The concert of powers is somewhat nebulous idea, delicately poised between incipient power balancing and containment. The sensitivity around power balancing was illustrated by the case of the abortive ‘quadrilateral’ of 2007. In that year then US Vice President Cheney and then Japanese Prime Minister Abe proposed inducting India into the current ‘trilateral’ dialogue process between the US, Australia and Japan, to form what was called a ‘quadrilateral’.
Beijing objected strongly to the individual countries concerned and accused them of attempting to set up a NATO-style effort to contain China. Both Australia and India subsequently backed away from the idea and in her 2011 visit to Beijing Prime Minister Gillard confirmed that Australia had no desire to “contain” China.
We can see from this that India’s potential role is highly sensitive to Beijing. But on its part, it is clear that the US, in proposing the nuclear agreement with India in 2005, offering sensitive military technologies (including through Israel’s proxy) and seeking an extensive military relationship, is attempting to put China off its stride by assisting the rise of another large Asian power – one moreover, with democratic norms and abiding territorial differences with China. Such activities are not consonant with the induction of China into a concert and would need to be modified.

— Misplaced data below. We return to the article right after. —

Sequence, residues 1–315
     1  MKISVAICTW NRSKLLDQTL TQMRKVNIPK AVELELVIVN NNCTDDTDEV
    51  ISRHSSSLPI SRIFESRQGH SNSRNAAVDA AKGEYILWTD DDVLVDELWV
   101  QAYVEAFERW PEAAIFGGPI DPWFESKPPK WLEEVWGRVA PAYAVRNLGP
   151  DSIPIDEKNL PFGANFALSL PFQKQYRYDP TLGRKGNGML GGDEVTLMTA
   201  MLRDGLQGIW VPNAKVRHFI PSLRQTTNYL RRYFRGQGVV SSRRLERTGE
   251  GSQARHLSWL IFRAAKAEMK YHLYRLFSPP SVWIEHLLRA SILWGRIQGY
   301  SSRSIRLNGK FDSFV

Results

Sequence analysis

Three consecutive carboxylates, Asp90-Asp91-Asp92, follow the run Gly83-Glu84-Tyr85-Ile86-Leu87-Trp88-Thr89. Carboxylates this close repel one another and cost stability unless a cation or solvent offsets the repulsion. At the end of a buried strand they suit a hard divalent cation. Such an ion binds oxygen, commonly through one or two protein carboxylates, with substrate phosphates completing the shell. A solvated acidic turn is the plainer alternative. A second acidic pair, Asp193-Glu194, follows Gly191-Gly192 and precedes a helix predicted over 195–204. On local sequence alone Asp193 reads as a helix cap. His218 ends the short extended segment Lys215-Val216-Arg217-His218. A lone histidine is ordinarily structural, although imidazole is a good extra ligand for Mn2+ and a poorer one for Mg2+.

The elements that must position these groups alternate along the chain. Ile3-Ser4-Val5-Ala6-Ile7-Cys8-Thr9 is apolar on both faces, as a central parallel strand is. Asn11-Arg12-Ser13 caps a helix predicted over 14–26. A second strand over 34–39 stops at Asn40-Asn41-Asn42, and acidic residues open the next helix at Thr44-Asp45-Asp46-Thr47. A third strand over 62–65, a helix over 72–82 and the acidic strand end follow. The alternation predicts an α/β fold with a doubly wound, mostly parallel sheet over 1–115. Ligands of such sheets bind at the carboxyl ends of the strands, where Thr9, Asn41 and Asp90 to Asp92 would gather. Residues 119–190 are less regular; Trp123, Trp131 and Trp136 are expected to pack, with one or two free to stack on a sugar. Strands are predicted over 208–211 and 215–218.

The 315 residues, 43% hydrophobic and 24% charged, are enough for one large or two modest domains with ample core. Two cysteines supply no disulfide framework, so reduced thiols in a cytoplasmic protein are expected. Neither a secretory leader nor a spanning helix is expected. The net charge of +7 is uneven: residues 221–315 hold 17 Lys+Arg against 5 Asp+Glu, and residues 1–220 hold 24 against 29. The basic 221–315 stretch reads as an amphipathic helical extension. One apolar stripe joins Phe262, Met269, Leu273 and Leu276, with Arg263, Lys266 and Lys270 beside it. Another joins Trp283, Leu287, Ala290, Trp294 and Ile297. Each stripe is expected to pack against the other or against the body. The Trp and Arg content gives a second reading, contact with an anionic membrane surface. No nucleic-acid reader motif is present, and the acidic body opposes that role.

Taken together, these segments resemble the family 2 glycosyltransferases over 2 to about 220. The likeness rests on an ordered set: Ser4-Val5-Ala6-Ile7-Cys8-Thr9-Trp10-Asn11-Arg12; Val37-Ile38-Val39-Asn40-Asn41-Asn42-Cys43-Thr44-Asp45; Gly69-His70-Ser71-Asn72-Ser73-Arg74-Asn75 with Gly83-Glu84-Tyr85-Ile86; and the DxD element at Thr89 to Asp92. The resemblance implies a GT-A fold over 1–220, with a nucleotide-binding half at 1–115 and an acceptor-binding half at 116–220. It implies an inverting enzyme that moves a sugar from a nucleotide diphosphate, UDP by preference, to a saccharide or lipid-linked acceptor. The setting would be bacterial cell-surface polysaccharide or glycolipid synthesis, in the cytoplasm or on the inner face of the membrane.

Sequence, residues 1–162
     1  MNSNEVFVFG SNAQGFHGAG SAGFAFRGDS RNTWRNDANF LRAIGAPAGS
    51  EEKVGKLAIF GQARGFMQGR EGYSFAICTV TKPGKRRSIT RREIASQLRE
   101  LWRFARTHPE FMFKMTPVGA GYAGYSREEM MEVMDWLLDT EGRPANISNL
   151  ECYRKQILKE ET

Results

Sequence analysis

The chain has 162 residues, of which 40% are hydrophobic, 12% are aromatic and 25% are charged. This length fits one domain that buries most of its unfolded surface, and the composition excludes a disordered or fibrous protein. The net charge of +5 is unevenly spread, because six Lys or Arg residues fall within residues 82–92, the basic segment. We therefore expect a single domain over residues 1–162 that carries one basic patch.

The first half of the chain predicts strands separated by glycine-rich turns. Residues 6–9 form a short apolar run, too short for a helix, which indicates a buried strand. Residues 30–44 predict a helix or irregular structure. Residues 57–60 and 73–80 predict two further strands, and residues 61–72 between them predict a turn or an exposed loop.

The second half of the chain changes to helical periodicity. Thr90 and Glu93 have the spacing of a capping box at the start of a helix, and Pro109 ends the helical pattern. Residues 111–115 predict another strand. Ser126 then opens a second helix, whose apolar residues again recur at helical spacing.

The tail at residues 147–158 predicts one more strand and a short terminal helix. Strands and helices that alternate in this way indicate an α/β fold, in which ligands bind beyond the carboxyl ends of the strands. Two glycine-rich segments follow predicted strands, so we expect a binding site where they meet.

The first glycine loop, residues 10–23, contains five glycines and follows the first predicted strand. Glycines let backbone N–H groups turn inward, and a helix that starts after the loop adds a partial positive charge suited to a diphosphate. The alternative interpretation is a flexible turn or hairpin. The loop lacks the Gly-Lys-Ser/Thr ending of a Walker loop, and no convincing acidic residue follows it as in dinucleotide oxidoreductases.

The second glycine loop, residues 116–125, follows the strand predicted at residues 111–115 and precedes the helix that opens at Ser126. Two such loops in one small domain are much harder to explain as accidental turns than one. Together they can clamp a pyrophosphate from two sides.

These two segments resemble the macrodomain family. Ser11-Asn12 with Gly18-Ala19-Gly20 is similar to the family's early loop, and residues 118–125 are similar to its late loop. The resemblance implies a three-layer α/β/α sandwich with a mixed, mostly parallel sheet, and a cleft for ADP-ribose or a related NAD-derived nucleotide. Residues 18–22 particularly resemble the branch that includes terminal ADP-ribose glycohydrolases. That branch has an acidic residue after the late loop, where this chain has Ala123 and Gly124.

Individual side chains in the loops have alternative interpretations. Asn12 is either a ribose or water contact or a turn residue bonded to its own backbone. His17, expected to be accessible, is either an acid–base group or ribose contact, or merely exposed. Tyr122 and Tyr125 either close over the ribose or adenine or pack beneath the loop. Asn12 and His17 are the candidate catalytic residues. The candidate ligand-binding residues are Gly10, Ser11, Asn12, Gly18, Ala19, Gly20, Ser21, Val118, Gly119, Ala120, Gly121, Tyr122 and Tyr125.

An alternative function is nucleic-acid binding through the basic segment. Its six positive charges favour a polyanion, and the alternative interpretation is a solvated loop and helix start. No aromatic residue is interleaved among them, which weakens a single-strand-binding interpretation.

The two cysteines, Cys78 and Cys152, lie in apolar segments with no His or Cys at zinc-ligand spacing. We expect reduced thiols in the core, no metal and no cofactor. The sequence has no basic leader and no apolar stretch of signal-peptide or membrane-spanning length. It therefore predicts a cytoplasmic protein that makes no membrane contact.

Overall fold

White counters the prospect of a deepening US-India relationship by arguing that India is too large ever to be another power’s “ally”. He is correct in so far as the Indian Ministry of External Affairs (MEA) would like India to retain its strategic independence and manoeuvrability.
But several factors should also be kept in mind.
- India might not ever become formally allied to the US, but that is not to say it will not in future draw strategically closer to Washington.
- Thinking in the MEA on China is not necessarily universally shared in senior policy circles in New Delhi. Some elements of the Indian polity are increasingly wary of China, especially of its persistent claim over the Indian border state of Arunachal Pradesh, with a population of 1.1 million, and of its growing footprint in the Indian Ocean region and South Asia. There is a growing feeling in some quarters that the only way to deal with China is to stand up to it.